Disproportionate restrictions on the temporary release of prisoners are undermining opportunities for effective resettlement and rehabilitation and leading to growing frustration and resentment behind bars, a new report by the Prison Reform Trust reveals.
For many people in prison, particularly those who are serving long sentences, the chance to experience ROTL and open prison conditions are a pivotal part of the process of rehabilitation. They allow people to take responsibility through work and volunteering, establish contact with families and sort out housing needs; factors which contribute to their safe management and supervision in the community on release.
Last week’s ruling by the European Court of Human Rights on prisoners’ voting reinforces previous judgments of the Court that the UK’s blanket ban on sentenced prisoners voting is unlawful.
But with three months to go before the UK general election, it’s clear that the government would rather flout human rights law, ignore the advice of prison governors, bishops to, and inspectors of, prisons and take up Parliamentary time and taxpayers’ money in order to stop sentenced prisoners from acting responsibly by voting in democratic elections.
Fewer than one in 10 women released from a prison sentence of under 12 months managed to secure a ‘positive employment outcome’ within a year of release. This is three times worse than the equivalent figure for men, a new briefing published by the Prison Reform Trust reveals.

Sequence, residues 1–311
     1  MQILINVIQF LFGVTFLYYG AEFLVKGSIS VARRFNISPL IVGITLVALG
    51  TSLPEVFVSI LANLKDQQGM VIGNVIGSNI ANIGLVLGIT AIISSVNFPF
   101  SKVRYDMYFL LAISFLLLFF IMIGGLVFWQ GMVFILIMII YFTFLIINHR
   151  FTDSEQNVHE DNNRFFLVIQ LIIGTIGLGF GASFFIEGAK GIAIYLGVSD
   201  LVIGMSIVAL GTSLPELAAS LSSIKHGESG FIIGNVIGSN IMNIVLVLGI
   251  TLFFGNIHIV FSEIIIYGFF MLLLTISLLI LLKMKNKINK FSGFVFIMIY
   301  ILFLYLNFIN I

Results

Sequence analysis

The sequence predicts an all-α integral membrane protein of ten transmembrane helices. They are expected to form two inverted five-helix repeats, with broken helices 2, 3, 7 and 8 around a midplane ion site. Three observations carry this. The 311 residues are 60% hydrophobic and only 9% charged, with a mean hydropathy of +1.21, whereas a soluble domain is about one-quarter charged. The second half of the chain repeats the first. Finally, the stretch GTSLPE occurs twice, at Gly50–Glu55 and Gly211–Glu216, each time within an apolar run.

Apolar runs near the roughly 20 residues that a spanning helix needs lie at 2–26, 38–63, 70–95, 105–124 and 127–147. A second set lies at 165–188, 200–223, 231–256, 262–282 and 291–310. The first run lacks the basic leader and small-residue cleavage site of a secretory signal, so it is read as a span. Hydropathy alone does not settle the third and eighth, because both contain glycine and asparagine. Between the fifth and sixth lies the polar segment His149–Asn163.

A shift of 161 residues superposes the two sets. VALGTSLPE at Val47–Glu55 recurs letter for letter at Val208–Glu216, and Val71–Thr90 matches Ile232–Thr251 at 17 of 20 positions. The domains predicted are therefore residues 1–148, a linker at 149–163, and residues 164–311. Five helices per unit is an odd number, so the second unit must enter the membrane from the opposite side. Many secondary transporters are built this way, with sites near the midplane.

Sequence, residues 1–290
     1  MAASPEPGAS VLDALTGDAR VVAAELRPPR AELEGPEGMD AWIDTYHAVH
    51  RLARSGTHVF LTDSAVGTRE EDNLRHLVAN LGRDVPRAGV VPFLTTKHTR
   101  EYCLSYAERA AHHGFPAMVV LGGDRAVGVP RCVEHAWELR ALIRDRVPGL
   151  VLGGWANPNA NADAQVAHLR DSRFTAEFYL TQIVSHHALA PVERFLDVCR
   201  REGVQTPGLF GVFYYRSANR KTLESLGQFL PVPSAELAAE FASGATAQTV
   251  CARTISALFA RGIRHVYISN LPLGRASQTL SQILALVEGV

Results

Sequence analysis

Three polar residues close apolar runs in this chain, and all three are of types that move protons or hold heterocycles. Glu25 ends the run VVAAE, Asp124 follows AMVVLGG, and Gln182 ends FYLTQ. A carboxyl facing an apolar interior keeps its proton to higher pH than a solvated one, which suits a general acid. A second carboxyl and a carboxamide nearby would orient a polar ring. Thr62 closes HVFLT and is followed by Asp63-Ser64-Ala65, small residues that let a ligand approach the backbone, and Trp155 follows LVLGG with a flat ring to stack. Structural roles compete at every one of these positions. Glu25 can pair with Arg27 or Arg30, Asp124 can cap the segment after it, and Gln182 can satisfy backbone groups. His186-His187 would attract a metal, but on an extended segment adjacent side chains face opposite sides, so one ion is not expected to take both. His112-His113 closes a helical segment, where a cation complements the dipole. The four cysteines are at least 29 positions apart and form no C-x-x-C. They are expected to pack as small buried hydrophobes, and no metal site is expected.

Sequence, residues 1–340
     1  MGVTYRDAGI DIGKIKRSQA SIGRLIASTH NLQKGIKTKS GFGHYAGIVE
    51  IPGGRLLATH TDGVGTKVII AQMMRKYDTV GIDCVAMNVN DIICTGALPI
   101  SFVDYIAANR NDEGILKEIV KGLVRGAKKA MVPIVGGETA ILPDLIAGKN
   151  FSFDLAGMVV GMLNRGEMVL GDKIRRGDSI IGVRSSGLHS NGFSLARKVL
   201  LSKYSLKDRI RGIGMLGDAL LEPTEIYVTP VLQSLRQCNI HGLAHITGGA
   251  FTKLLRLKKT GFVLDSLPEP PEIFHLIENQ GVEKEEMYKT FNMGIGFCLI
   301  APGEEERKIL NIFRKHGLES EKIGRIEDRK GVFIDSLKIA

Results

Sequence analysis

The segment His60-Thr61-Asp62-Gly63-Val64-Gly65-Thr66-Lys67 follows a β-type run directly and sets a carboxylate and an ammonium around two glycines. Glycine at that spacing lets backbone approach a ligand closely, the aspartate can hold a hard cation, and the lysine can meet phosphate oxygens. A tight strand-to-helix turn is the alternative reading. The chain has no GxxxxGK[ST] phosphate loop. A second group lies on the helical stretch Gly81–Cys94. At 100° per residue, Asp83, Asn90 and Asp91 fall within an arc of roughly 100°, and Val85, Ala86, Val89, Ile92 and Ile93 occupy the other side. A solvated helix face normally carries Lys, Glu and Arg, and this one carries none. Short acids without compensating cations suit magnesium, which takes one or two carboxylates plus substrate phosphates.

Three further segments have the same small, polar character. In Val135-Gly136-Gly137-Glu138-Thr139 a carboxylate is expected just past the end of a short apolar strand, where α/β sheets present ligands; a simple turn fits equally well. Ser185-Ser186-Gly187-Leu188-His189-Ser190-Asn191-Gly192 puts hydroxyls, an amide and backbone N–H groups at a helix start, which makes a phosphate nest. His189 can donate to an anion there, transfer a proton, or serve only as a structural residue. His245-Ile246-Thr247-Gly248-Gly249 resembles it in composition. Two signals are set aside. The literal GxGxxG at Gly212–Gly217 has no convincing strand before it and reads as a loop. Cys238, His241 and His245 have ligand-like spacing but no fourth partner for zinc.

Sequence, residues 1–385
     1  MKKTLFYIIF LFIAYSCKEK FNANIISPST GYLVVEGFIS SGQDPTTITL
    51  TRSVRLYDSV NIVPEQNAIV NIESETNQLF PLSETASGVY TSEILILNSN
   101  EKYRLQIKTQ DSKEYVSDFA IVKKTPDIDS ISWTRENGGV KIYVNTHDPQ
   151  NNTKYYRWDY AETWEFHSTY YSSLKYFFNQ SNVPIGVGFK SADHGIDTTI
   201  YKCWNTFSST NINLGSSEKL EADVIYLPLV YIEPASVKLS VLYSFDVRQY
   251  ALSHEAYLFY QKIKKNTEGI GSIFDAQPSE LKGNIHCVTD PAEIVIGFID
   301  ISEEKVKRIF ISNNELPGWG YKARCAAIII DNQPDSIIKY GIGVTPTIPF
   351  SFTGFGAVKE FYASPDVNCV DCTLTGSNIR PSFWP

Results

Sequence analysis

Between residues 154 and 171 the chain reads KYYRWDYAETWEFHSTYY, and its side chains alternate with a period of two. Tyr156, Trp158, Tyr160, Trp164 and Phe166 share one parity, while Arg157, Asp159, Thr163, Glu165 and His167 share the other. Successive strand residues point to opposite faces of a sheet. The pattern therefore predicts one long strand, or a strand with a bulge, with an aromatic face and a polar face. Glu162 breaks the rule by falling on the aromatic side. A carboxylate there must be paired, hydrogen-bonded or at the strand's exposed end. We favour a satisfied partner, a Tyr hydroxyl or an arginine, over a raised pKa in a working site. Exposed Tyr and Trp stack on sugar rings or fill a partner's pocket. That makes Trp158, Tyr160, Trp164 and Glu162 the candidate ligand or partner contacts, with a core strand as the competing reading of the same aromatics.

Welcome moves announced today (Thursday 29 January) by the Justice Minister Simon Hughes to prioritise women’s community provision and improve employment opportunities for women offenders need to be accelerated if women’s offending is to be effectively tackled.
Nearly half (45%) of women leaving prison are reconvicted within one year of release. Employment is vital to reducing risk of reoffending, but women offenders often face additional barriers to gaining work, including a lack of childcare support, lack of qualifications, low pay and the stigma of imprisonment.
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The Rt Hon Chris Grayling MP, Secretary of State for Justice, delivered a keynote address at an event jointly hosted by the Prison Reform Trust and Centre for Social Justice on Monday 26 January. You can read a copy of the speech by clicking 'read more'.
The Prison Reform Trust in partnership with leading thinktanks has provided platforms to the three main political parties for them to outline their justice proposals ahead of the 2015 general election. PRT believes there is scope for political consensus on prison reform. Parties wish to see decent, fair and purposeful prisons, a reduction in women's imprisonment, liaison and diversion services for people with mental health needs or learning disabilities and increased use of restorative justice.
Shadow Justice Secretary Sadiq Khan MP set out Labour prisons policy last year at an event hosted by PRT and IPPR. You can read his speech by clicking here. Liberal Democrat justice minister, Simon Hughes MP, also delivered a speech at an event hosted with CentreForum which you can read by clicking here.